"When dawn spreads its paintbrush on the plain, spilling purple... ," Sons of the Pioneers song from TV show "Wagon Train." Dawn on the mythic Santa Fe Trail, New Mexico, looking toward Raton from Cimarron. -- Clarkphoto. A curmudgeon's old-fashioned newspaper column, cross-breeding metaphors and journalism and art, for readers in 150 countries.

Friday, June 20, 2014

Going for the drama, in writing-- II

"Get to the point," I often irritate friends who get a little long-winded in telling a story.
What I'm really saying is, "Go for the drama."
Here is a version of the first  page of handouts for my workshop session for the Oklahoma City Writers group at Full Circle Bookstore.


Consider these first lines of novels:
  • It was the best of times; it was the worst of times.
  • Call me Ishmael.
  • It was a bright cold day, and the clocks were striking thirteen.
  • All children, except one, grow up.
  • Lolita, light of my life, fire of my loins.
  • It was inevitable; the scent of bitter almonds always reminded him of the fate of unrequited love.
  • Elmer Gantry was drunk.
  • A green hunting camp squeezed on top of a fleshy balloon of a head.
  • The last camel collapsed at noon. 

       They all grab your attention, and make you want to keep reading. Quiz--Do you know the authors? Answers at bottom.

In the beginning
“En el Principio, era el Verbo, y el Verbo era con Dios, y el Verbo era Dios.” San Juan 1:1
      “In the beginning was The Verb, and the Verb was with God and The Verb was God”
 “…le mot, c’est le Verb, et le Verb c’est Dios.” Victor Hugo
     “The word is the verb, and the verb is God.”
“No verb, no story, no drama.” Terry Clark
  • My students know I am a verb nut. Much of modern writing is guilty of "verbicide." If you want drama, you have to be a verbaholic.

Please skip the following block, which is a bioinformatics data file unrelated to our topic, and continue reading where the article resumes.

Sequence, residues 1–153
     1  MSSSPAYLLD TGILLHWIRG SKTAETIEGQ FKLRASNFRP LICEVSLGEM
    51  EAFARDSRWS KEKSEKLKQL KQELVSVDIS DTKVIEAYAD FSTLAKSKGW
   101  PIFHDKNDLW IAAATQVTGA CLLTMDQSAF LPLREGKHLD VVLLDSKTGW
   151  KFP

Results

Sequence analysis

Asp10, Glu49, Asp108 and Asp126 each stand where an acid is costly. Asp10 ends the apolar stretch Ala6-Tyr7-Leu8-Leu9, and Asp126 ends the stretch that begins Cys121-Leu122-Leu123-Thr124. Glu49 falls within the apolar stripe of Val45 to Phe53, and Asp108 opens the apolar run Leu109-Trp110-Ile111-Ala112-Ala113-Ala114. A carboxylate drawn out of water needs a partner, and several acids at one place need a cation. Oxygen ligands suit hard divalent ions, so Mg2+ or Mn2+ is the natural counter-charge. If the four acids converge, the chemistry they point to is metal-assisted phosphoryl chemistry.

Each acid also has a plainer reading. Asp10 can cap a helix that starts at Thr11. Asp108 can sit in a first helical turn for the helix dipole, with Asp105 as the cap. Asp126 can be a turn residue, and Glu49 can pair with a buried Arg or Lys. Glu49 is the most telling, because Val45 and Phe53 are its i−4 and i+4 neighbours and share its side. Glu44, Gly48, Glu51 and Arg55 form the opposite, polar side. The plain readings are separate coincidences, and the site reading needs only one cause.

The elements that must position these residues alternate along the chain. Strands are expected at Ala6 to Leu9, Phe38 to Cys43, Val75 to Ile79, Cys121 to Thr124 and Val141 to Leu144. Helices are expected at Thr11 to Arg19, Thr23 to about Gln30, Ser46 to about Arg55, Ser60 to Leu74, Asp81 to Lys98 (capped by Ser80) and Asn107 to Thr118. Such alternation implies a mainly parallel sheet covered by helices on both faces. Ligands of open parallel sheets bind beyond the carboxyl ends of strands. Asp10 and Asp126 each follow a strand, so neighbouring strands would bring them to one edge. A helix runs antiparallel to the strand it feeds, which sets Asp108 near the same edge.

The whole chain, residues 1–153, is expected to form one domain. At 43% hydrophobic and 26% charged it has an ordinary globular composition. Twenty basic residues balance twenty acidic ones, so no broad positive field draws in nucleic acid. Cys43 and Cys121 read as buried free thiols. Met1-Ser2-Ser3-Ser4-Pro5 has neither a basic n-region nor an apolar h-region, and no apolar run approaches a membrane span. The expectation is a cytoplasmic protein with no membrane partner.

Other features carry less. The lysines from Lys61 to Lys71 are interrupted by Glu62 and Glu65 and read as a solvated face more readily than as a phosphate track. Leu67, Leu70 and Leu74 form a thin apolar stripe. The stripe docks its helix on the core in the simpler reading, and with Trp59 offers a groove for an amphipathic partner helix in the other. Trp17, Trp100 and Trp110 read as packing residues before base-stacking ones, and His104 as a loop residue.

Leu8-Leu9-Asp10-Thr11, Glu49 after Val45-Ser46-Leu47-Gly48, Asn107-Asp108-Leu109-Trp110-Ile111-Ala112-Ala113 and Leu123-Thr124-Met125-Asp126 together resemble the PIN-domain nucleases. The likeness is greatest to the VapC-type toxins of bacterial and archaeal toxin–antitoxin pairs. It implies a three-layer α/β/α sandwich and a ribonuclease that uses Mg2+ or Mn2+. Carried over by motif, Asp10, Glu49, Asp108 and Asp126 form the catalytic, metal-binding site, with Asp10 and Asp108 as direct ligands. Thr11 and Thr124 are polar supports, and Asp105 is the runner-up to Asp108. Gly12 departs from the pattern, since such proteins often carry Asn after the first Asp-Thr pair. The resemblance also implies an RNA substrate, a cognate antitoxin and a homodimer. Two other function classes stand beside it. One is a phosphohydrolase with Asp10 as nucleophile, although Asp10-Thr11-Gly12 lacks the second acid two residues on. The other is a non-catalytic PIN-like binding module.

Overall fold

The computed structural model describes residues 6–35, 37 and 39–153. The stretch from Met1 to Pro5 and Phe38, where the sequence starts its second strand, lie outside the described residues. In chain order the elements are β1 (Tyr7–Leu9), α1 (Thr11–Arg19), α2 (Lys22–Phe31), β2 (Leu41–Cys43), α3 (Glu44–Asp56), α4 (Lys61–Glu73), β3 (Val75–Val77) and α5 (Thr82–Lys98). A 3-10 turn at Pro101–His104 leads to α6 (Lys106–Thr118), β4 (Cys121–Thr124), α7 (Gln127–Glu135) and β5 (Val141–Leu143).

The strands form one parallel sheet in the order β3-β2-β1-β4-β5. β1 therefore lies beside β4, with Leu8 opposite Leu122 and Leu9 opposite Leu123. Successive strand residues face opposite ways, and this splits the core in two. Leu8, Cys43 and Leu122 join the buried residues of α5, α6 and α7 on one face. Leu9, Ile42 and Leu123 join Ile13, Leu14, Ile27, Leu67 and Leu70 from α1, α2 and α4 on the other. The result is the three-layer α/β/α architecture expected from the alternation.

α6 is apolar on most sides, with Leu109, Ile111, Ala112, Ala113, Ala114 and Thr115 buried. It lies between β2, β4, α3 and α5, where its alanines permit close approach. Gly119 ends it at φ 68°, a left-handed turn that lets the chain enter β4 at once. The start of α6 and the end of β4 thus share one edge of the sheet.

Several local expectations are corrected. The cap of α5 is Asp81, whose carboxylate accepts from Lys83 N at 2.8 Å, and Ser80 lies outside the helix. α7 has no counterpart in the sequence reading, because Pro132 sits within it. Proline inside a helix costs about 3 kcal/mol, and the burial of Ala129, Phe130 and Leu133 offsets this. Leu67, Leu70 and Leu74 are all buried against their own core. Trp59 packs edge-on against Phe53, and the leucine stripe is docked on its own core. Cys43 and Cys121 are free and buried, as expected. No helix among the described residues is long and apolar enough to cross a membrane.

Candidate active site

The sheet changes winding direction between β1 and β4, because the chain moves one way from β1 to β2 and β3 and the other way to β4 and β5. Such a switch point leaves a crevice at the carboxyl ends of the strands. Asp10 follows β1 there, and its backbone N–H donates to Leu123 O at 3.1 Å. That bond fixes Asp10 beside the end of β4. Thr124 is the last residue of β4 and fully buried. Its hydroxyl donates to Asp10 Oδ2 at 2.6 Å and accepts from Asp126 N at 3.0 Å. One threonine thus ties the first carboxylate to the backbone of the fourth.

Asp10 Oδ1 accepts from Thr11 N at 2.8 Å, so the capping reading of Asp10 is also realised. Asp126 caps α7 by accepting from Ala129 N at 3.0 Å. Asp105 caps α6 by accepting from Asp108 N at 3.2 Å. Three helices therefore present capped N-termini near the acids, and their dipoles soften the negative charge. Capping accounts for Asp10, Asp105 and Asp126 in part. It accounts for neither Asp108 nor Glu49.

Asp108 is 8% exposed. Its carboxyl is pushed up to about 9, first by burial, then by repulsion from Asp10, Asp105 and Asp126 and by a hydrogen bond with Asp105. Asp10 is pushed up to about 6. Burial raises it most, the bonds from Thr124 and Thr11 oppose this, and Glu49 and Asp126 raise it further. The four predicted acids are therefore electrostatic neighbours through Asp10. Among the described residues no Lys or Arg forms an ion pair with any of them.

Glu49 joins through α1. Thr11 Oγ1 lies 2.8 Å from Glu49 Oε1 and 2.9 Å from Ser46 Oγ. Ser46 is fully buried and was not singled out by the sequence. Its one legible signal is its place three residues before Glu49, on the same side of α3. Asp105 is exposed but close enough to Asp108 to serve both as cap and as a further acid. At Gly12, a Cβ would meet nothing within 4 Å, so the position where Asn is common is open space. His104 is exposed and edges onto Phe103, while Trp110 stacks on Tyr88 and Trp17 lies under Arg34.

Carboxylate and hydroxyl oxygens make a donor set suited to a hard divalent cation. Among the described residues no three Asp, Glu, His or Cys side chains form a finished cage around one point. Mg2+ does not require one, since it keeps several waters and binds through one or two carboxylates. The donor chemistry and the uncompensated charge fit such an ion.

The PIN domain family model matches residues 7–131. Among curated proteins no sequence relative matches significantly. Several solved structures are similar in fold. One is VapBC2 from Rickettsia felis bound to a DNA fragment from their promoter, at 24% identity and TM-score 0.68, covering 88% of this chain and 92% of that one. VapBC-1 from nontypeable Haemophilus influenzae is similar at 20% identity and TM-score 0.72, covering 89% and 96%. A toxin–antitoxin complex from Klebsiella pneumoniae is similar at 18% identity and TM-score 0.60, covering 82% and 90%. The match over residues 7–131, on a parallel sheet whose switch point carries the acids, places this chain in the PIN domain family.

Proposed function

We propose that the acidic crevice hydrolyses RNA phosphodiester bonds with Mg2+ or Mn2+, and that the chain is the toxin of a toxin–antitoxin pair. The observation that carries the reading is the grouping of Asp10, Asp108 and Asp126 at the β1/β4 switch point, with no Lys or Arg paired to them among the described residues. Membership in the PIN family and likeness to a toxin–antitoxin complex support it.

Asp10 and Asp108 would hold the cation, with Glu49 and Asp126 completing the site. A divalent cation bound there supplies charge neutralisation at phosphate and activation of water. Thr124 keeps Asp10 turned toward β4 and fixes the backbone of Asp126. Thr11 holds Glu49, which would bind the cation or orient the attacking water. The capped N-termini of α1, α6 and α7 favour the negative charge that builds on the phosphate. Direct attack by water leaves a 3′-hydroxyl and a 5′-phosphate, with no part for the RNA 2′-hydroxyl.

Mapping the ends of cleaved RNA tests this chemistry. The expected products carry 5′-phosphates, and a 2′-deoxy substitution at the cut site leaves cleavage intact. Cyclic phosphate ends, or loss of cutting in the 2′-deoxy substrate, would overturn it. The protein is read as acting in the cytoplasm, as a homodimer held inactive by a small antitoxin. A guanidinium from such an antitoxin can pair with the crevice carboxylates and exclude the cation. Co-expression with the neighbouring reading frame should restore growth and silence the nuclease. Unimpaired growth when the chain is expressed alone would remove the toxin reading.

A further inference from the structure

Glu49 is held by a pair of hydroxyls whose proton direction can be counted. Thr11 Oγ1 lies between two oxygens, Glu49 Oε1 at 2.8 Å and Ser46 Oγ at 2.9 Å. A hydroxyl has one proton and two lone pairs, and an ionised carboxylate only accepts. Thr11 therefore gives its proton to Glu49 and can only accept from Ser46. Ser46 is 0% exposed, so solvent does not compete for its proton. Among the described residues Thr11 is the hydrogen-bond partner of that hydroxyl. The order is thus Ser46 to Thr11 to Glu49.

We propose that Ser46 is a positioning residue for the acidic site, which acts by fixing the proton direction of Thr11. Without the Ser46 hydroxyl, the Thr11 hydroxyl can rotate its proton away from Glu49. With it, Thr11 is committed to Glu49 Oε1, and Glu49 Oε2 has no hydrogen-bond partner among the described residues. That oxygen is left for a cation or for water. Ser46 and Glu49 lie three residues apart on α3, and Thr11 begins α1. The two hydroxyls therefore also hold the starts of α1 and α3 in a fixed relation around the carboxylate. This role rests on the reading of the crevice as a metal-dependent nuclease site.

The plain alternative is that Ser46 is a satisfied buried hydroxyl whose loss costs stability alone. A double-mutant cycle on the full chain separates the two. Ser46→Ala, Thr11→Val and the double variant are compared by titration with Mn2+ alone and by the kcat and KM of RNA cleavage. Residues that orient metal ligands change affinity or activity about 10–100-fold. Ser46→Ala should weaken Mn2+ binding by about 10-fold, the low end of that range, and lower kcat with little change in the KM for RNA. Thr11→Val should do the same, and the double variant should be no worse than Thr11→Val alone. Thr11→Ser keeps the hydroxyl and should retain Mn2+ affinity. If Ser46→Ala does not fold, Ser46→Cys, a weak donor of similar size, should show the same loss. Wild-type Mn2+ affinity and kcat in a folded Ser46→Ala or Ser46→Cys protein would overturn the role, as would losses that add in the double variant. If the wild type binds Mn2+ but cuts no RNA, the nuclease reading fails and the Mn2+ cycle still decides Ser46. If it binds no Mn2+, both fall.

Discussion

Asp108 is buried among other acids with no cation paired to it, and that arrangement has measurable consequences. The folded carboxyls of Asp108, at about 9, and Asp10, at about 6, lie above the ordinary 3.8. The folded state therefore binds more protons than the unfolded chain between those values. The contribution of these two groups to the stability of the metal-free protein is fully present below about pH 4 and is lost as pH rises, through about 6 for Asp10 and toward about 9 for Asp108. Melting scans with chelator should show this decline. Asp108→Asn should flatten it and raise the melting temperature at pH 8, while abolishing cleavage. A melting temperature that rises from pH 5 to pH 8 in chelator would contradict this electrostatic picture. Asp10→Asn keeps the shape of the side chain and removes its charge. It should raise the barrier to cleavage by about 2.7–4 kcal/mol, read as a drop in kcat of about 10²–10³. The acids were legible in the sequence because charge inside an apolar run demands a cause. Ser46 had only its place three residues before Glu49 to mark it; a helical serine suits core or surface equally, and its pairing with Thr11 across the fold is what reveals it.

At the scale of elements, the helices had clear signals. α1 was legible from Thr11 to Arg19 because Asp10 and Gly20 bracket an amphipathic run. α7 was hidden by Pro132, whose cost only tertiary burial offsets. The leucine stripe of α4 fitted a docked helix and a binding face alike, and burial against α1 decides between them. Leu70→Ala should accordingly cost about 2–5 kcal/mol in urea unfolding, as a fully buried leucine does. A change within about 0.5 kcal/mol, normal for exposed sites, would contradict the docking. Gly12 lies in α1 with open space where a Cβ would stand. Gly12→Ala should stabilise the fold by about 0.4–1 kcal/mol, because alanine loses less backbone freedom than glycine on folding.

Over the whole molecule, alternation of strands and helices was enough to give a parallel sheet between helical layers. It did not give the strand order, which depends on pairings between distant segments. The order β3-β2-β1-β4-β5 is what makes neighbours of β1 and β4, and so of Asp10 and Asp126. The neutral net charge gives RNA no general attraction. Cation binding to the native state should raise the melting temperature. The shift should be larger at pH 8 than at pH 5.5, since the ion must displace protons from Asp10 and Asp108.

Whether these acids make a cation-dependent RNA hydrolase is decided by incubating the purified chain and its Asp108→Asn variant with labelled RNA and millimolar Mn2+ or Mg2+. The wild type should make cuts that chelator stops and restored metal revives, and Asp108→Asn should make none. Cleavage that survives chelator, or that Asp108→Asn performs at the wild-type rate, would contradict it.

• The most important words in a sentence are the verbs. Without verbs, nouns and adverbs and adjectives sit like empty boxcars on a siding, going nowhere, without a locomotive. Without them, nothing happens. They are action keys to getting to the point quickly, to grabbing and keeping readers’ attention.
  • Theology on John 1:1. The Word (English translation), is really Verb. The Verb is the incarnate Christ, but in the beginning was the force and the power of creation. In sentences and storytelling, the verb is the power and force of creation.

First sentences
The most important sentences you will write in a story?
The first ones.
Why?
What is the purpose of writing? To be read.
If you don’t catch your readers’ attention, you’re wasting your time.
Best test for effective first sentences: “Will I keep reading?”
It’s called, “Going for the drama.”
Examples
from my former students' stories and one I did for Oklahoma Today magazine on weekly newspapers:
  • “The sergeant fumbles with one hand to unbutton his fly.”
  • “Every Tuesday at one p.m., a silver-haired woman in her eighties centers the Sayre Record and plunks down seventy-five pennies for the latest news.”
  • “’I want to study people with the flesh on,’ she says.”
  • “The long, thin fingers of a frustrated pianist work the control board switches as her melodic voice interrupts the airwaves.
  • “The sergeant fumbles with one hand to unbutton his fly.”
In keeping with brevity, this is the end of this post. The second workshop handout follows.
  • Answers to authors--Charles Dickens-A Tale of Two Cities, Herman Melville-Moby Dick, George Orwell-1984, J.M. Barrie-Peter Pan,  VladmirNobokov-Lolita, Gabriel Garcia Marquez--Love in the Time of Cholera, Sinclair Lewis-Elmer Gantry, John Kennedy Toole--A Confederacy of Dunces, Ken Follett--The Key to Rebecca.


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